The wellbeing of modern workers is the focus of recently unveiled designs for GPT’s new engineered timber office and retail development that will sit above the Melbourne Central shopping centre in the city’s CBD.
Project architect ARM Architecture’s design director Neil Masterton said the choice of timber as a primary material for the 10-level tower is expected to promote psychological wellness and social cohesion.
“People really bond with timber – it’s part of the whole desire for the natural,” he said.
Engineered timber is becoming more commonplace around the world thanks to its strong structural properties and sustainability qualities, such as carbon sequestration. It’s also a building material that’s struggling with low awareness levels and concerns about fire risk and toxicity, and in Australia there’s been some teething problems at the local manufacturing level.
A supplier for the cross laminated timber for the tower extension GPT is calling “Frame” is still being secured. Multiplex have been appointed to cost the addition according to the AFR.
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Engineered timber also still comes at a price premium, but according to another architect on the Melbourne Central redevelopment, ARM Architect principal Andrew Hayne, there are benefits that can help absorb extra building costs.
Critically, the material cuts construction time because it is prefabricated offsite and assembled onsite. The construction is also quieter and produces less waste.
Hayne told The Fifth Estate that another reason engineered timber was chosen was because it’s a new technology that GPT is “interested in exploring”.
“They are cognisant that it will provide them with a memorable building in the context of Melbourne’s architectural scene.”
Masterton says there’s a desire to stand out in the market place at the moment.
Despite the large amount of apartment building in Melbourne’s CBD, he says there’s not been much commercial development by comparison.
“This kind of represents something new, and there’s that desire to say ‘we’re at the seminal leading edge’.”
Engineered timber buildings in Australia have attracted high profile tenants, such as Accenture in International House Sydney in Barangaroo.
Genuine mixed use also a standout feature
Masterton says the wellbeing of occupants have been at the forefront of consideration throughout the project, with a WELL Gold Standard in its sights.
“There is the sense that the CLT and the mixed use aspects of the building provide a social context for perhaps new ways of thinking about sustainability in the way we live.
“There’s a social sustainability aspect inherent in the building.”
Elevated garden spaces and a rooftop retail and entertainment are a major part of GPT’s new Melbourne timber building
The designs feature a 19,400 square metre 10-level tower connected to elevated garden spaces and a new rooftop retail, entertainment and dining precinct at Melbourne Central.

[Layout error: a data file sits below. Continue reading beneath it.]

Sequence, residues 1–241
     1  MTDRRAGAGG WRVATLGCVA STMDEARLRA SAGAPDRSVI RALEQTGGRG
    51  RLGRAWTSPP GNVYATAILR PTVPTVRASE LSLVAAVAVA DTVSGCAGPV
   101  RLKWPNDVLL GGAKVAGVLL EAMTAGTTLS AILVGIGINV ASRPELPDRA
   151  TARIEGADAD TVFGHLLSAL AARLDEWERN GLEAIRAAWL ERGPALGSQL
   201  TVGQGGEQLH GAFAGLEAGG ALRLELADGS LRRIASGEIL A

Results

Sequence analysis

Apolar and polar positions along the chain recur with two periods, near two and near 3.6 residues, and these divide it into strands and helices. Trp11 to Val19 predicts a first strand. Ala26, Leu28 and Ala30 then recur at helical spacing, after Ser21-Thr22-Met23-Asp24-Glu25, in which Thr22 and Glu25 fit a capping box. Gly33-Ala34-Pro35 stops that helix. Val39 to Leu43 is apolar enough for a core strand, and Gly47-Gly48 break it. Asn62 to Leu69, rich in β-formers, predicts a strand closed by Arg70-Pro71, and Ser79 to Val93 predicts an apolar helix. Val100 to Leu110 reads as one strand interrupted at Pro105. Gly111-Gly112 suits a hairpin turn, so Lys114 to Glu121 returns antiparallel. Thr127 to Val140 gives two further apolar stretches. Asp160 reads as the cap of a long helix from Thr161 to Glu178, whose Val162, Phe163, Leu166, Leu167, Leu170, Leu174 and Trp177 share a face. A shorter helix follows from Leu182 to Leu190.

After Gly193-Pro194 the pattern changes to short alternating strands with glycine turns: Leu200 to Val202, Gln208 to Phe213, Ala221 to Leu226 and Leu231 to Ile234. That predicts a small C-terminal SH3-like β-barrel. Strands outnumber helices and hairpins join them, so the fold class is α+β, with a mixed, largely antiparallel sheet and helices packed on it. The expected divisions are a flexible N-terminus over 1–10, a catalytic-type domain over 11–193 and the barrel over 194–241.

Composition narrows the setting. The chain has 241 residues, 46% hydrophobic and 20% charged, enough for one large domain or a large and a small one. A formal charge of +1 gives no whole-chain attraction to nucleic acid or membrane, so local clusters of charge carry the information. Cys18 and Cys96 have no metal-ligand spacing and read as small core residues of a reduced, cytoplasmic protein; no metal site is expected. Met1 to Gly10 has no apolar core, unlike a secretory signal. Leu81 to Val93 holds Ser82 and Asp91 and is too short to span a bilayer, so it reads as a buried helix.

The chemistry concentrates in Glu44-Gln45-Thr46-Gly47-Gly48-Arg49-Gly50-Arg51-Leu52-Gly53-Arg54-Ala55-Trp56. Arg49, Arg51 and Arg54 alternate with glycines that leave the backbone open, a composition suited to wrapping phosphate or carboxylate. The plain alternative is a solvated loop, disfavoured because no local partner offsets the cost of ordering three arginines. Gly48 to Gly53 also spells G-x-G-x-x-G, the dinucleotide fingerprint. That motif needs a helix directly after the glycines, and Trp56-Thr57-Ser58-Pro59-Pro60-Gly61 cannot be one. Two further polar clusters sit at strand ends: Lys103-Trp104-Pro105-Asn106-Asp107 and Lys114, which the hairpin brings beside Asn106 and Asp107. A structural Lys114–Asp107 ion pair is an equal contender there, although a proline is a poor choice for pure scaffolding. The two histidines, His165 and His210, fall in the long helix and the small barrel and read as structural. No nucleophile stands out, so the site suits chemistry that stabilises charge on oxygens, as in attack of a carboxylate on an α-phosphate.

There will be a skylobby on level five that acts as a third workplace with informal seating areas, wellness and food offerings, a shared library and a variety of outdoor spaces open to the public, including native and “wellness” gardens.
The building is above Melbourne’s third busiest rail station at Melbourne Central and next to two tram stops in the free tram zone.
According to Masterton, it’s not unusual to see on office tower perched on top of a shopping centre but what’s unprecedented is the level of integration between the two.
“Everyone talks about mixed use, it’s been bandied around for years and years, but it’s actually hard to achieve.
“The commercial and retail are not often connected and not connected to various transport modes.”
GPT’s head of office & logistics Matthew Faddy said the building “will deliver a superior level of amenity to any workplace in Australia.”
“It provides a fully integrated office, retail and cultural environment that offers more than just deskspace.”
The emphasis on occupant wellness filters down into other design decisions, including an abundant of natural light and a warehouse style environment where occupants are free from what Hayne describes as a “generic space full of white plasterboard.”
It’s also targeting a 5 star NABERS energy and water rating and 5 star Green Star. The ESD work was conducted by ADP Consulting. Key features include recycled water for the greenspaces and rooftop solar.
It will be an 18 hour a day, seven days a week precinct
Without residential there’s always the potential for developments like this to become ghost towns at night. But Masterton says this is unlikely in this instance.
Entertainment space feature prominently in the designs, including a large outdoor rooftop bar, which is expected to increase dwell time in the evening.
“It will be an attractor – a place to be.”
Masterton also believes the later hours kept by modern workers and the proximity to public transport hub will also keep the development alive at night.
“We imagine it will be quite an active place day and night in the way purely commercial won’t be nor the way purely commercial would be either.”
Hayne says GPT is aiming for an 18 hours a day, seven days a week kind of operation.
Colliers International is taking expressions of interest for the building with construction set to commence in early 2020 and the project scheduled for completion in late 2021.